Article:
benefits: 1. It is a very ergonomic hold (as opposed to the thumb

underneath). Make a shape of a relaxed fist in violin-playing

position...and look where the thumb is....it's on the left pointing

straight up. 2. It frees up the hand for vibrato purposes... 3. It

helps to relax and minimize the pressure of the left hand fingers.

With the thumb underneath the fingers have something to pound

against. With the thumb along the side, the fingers have nothing to

pound against...which helps to eliminate all unnecessary tension

and effort. The key thing is that the thumb should be free to move

on its own as is necessary. So it may be stretched back...and it

may occasionally rotate underneath the fingerboard. However, its

base position should be along the left side of the neck.

My normal left hand position is as depicted in Fischer's

"Basics". Last joint of thumb and base of index

finger touching the neck very lightly, thumb very mobile,

counter pressure very light, etc.

The problem is, Menuhin's video makes it look like the index finger

side of the hand doesn't touch the neck at all.  I'm finding

it pretty hard to keep the thumb on the side of the neck, provide

counterpressure for the fingers on the G string, and support the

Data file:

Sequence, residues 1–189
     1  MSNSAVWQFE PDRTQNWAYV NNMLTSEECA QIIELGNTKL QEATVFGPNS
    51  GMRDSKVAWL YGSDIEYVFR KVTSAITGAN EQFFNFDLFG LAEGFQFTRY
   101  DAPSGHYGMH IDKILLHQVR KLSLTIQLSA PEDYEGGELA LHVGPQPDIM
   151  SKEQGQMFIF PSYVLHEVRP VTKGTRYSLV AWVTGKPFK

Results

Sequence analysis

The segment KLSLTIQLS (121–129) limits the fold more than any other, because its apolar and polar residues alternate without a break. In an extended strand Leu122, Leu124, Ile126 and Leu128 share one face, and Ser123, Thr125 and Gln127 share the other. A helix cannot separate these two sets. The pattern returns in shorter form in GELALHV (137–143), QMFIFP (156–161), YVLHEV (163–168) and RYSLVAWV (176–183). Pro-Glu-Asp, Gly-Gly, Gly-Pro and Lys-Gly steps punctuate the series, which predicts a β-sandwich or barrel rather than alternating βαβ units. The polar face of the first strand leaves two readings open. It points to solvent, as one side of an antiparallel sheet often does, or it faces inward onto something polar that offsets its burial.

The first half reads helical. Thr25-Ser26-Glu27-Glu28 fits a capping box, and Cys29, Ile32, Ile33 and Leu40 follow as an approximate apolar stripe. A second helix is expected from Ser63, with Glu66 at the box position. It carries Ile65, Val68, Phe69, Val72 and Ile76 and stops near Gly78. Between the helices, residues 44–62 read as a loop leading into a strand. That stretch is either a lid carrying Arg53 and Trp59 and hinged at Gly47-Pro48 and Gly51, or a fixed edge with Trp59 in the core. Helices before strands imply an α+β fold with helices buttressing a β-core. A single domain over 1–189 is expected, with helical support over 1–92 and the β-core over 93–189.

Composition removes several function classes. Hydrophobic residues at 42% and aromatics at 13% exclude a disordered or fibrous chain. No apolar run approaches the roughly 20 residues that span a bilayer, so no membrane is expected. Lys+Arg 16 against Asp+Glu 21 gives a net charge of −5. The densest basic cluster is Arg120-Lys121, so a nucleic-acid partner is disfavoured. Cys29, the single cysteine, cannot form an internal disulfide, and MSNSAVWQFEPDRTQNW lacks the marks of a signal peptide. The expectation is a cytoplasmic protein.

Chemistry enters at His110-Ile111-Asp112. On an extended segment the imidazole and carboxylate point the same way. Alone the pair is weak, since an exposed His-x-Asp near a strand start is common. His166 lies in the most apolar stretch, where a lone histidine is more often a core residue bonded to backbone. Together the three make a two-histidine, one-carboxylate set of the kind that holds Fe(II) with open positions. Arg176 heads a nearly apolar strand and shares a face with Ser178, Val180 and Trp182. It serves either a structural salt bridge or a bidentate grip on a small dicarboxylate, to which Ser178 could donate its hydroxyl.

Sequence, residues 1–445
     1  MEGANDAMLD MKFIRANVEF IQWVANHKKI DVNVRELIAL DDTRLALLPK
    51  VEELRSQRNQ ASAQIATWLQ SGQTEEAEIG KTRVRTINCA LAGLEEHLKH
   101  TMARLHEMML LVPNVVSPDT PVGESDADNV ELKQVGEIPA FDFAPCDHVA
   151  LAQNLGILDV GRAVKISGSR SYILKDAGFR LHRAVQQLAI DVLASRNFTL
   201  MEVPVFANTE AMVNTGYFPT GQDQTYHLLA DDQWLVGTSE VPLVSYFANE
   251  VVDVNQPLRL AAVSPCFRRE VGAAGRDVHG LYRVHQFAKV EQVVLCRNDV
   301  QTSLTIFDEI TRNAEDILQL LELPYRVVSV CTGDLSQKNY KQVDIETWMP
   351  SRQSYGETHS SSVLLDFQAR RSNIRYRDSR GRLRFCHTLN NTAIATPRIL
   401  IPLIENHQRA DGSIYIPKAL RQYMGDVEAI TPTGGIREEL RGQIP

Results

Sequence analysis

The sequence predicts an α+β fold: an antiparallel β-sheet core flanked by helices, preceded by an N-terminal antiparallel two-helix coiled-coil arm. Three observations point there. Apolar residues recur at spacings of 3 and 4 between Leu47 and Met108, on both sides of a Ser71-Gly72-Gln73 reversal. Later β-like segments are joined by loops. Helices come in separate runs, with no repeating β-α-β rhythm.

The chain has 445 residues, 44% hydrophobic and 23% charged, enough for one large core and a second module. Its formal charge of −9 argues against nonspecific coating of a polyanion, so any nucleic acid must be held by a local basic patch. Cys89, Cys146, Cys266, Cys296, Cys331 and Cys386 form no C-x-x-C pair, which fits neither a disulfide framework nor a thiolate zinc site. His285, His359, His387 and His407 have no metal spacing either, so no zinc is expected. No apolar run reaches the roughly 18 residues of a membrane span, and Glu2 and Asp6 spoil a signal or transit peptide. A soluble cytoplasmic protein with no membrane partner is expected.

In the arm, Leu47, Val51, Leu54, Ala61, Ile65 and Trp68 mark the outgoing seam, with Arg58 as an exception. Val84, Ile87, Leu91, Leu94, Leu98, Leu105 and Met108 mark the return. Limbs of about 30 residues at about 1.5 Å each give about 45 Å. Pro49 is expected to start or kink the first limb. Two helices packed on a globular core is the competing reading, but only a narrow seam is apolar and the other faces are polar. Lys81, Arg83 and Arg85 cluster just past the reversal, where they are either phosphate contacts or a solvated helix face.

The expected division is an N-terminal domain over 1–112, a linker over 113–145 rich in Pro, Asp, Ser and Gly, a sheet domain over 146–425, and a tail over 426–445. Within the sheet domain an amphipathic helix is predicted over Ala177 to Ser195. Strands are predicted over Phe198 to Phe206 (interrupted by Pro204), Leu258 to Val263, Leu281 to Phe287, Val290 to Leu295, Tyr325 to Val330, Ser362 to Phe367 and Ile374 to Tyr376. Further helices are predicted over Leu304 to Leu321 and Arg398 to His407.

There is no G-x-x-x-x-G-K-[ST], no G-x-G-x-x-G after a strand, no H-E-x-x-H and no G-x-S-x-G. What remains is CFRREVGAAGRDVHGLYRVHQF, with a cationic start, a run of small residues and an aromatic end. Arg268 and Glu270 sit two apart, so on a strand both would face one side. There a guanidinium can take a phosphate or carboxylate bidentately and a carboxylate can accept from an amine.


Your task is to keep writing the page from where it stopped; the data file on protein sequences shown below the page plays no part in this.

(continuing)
neck all at the same time without some balancing pressure from the

other side.  Using the hold shown in Fischer, all works fine,

but it is nice to have the knuckles even higher and the fingers

even freer. 

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Wow, a long legged thread!

Since this discussion began, I've been attempting the Yehudi Hold and have now set aside the shoulder rests on both of my violins. I'm still not totally comfortable holding the fiddle "bare backed" so to speak, but I was never totally comfortable with the shoulder rest either. The fiddle is definitely LIGHTER without it!!! This makes a strong grip less necessary as the lightweight instrument only needs minor skin contact to keep it from slipping sideways. Like a cheek weld on a rifle stock, the skin contact at the end peg region 'tacks' the fiddle in place and the whole support is between the collarbone and the thumb. The chinrest is only really there to keep my beard from scratching the finish.